The above example introduced us to the notion of creating a chart based on data stored on disk. While this is certainly the right idea, storing such data in a text file has its drawbacks. It is more common and more useful to put such data in a relational database.
Creating a chart based on a table in a relational database is not very different from creating one based on a text file. The main difference is with the loop we use to iterate over our input data. In vote.pl, we iterated over each line of votes.txt, turning each line of text into a name,value pair, which we then added to @data. When we retrieve information from a database, the information is already split into name,value pairs for us.
Before we can begin to write db-vote.pl (a database version of vote.pl), we must create a table in our database. As usual, I will use MySQL, a “mostly free” database described in Resources. MySQL's syntax is standard enough for most purposes, and most of the following should work with other databases as well.
Relational databases expect to receive input in SQL, the “structured query language”. SQL is not a programming language—so while we can create all sorts of queries to manipulate data in our table, we must embed those queries within a program written in a full programming language. Perl's DBI (“database interface”) module allows us to embed SQL statements inside our Perl programs.
We can create a new table by issuing the following SQL command:
CREATE TABLE Votes ( candidate_name VARCHAR(30), votes_received BIGINT UNSIGNED );
While we could send the above to our database server from within a Perl program, it is more usual to type it directly from within an interactive database client. MySQL comes with an interactive client called mysql which allows you to send queries to the database (and receive responses) without having to embed your statements inside a Perl program.
After you issue the above SQL query, the database server will create a new table, Votes, with two columns. The first column, candidate_name, allows for up to 30 characters. The second column is defined to be a BIGINT UNSIGNED, that is, a large integer. We name this column votes_received.
We will now take a leap of faith and assume that, after the polls close on election night, our database table will magically be filled with appropriate values for each candidate. (In a real application, we would probably design things differently, storing each candidate's name in a second table and perhaps even storing each vote in its own row. We will ignore real-world concerns for the time being, so as to concentrate on how to create a graph with this data.)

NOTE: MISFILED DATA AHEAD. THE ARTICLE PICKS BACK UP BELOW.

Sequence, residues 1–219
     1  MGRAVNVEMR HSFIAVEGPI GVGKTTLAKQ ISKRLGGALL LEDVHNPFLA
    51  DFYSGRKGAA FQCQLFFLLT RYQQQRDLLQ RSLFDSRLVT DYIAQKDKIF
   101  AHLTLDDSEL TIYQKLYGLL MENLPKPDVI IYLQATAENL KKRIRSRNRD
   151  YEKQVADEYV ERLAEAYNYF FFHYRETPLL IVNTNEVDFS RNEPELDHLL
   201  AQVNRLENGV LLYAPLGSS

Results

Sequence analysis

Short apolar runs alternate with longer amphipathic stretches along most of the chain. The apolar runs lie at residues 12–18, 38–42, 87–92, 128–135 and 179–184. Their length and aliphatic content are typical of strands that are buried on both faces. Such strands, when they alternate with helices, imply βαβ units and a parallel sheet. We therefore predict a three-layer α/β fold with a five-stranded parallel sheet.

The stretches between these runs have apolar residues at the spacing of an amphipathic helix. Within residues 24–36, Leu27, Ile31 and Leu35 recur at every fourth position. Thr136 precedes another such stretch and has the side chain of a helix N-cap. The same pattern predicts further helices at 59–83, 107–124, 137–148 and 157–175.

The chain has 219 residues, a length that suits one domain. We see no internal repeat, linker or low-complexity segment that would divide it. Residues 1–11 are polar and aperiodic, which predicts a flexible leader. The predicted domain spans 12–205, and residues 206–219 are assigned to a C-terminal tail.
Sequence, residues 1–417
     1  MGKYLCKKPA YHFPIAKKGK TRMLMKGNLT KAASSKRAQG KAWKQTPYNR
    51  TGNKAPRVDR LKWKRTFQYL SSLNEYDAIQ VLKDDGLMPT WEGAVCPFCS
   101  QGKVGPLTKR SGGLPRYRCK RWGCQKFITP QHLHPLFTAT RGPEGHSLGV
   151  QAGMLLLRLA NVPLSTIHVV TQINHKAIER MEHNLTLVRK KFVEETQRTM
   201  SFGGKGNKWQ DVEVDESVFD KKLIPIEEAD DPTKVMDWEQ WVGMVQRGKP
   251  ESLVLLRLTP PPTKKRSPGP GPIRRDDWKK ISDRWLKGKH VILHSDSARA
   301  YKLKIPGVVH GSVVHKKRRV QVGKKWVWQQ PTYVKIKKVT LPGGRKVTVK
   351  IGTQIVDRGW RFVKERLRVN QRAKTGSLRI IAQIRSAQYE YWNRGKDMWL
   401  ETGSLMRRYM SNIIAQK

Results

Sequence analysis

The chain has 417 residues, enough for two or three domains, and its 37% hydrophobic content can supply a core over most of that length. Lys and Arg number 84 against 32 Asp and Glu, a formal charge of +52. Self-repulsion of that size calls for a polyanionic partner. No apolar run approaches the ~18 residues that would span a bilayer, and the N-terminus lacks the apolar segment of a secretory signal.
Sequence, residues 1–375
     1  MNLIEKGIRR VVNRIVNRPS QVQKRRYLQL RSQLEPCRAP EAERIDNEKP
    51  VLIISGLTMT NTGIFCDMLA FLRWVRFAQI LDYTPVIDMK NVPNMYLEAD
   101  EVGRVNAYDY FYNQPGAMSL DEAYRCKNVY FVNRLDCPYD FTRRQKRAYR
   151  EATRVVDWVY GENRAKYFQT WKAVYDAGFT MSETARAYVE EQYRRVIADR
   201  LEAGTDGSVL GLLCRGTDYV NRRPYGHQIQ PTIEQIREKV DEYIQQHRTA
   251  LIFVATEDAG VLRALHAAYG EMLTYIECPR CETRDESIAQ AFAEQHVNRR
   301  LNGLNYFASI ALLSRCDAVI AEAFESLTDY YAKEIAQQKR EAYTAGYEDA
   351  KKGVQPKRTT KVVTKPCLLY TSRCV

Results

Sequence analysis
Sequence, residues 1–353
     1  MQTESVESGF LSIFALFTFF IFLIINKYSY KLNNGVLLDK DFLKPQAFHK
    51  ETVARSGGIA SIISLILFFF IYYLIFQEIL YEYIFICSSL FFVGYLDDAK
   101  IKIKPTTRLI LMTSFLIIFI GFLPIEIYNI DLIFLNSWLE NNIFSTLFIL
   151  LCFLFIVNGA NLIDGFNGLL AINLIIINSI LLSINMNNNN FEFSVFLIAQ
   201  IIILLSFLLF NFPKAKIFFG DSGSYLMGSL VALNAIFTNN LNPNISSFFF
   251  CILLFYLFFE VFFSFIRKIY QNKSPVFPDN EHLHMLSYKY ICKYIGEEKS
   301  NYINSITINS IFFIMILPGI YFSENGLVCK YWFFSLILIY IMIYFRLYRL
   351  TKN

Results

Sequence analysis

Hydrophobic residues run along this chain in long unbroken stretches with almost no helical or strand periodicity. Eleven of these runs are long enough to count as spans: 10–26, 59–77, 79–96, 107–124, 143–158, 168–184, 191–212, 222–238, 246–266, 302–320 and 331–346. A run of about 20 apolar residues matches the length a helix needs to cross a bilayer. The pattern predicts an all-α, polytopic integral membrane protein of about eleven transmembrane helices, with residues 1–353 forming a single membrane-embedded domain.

Assuming our table has been populated with a list of candidates' names and their votes, how can we rewrite vote.pl so it takes its input from a database? As mentioned above, we will rely on DBI, Perl's database interface, which provides a uniform, object-oriented interface to most popular relational databases. Each database is described in a DBD, or database driver, and is imported automatically when we open a connection.
Opening a connection to the database creates a “database handle” object, traditionally called $dbh. We use this object to create a “statement handle”, traditionally called $sth, with which we send the SQL to the database server. Our query, in this case, is rather simple:
SELECT candidate_name, votes_received FROM Votes
When it executes this query, the database server will return a two-column table to the user—in this particular case, the entire contents of the Votes table. Each row of the table corresponds to a line in the text file votes.txt which we saw earlier.
DBI provides us with a number of methods by which to retrieve data from $sth. The most commonly used methods retrieve a row as an array, either in its usual form (using $sth->fetchrow_array) or as a reference (using $sth->fetchrow_arrayref). While the arrayref method is more efficient, beginning Perl programmers often prefer to avoid references, which sometimes confuse them. In both cases, the order of elements in the returned list is determined by the order in which columns were named in the query.
The rest of db-vote.pl (see Listing 4) continues in almost the same way as vote.pl, pushing the values in each row onto @names and @values, then using those to create @data.
It is generally preferable to put such information in a database, because of the reliability and flexibility offered by relational databases. Remember, though, there is no free lunch: a relational database is inherently much slower than a flat ASCII text file. Moreover, our CGI program opens a connection to the database each time it is invoked, an expensive and time-consuming operation. For these reasons, vote.pl will almost certainly execute faster than db-vote.pl. Whether this is an appropriate trade-off depends on the number of visitors to your site, as well as the nature of your web applications.
|PostgreSQL, the NoSQL Database||Jan 29, 2015|
|HPC Cluster Grant Accepting Applications!||Jan 28, 2015|
|Sharing Admin Privileges for Many Hosts Securely||Jan 28, 2015|
|Red Hat Enterprise Linux 7.1 beta available on IBM Power Platform||Jan 23, 2015|
|Designing with Linux||Jan 22, 2015|
|Wondershaper—QOS in a Pinch||Jan 21, 2015|
- PostgreSQL, the NoSQL Database
- Sharing Admin Privileges for Many Hosts Securely
- Designing with Linux
- HPC Cluster Grant Accepting Applications!
- Wondershaper—QOS in a Pinch
- January 2015 Issue of Linux Journal: Security
- Internet of Things Blows Away CES, and it May Be Hunting for YOU Next
- Ideal Backups with zbackup
- Red Hat Enterprise Linux 7.1 beta available on IBM Power Platform
- Slow System? iotop Is Your Friend
Editorial Advisory Panel
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